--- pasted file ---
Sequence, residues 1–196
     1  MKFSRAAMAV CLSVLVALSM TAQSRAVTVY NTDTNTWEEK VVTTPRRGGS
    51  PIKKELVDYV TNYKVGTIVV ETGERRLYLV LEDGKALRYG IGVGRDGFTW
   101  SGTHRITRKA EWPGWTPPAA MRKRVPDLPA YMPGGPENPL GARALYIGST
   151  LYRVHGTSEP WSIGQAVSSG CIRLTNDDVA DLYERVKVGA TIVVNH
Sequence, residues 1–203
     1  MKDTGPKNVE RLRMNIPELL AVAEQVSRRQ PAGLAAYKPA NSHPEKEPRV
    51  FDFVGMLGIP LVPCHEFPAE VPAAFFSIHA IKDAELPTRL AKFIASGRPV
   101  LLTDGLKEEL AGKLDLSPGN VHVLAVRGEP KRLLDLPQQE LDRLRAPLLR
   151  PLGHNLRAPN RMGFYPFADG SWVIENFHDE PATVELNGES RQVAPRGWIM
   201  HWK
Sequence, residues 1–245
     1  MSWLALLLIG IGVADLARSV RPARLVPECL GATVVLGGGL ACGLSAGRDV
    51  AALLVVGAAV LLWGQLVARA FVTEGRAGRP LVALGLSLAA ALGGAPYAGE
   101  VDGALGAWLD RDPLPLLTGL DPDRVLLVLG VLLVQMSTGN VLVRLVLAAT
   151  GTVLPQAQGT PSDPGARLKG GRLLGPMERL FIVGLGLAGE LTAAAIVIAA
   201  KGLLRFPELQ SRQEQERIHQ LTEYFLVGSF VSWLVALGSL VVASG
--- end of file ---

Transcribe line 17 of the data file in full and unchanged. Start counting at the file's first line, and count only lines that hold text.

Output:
   201  KGLLRFPELQ SRQEQERIHQ LTEYFLVGSF VSWLVALGSL VVASG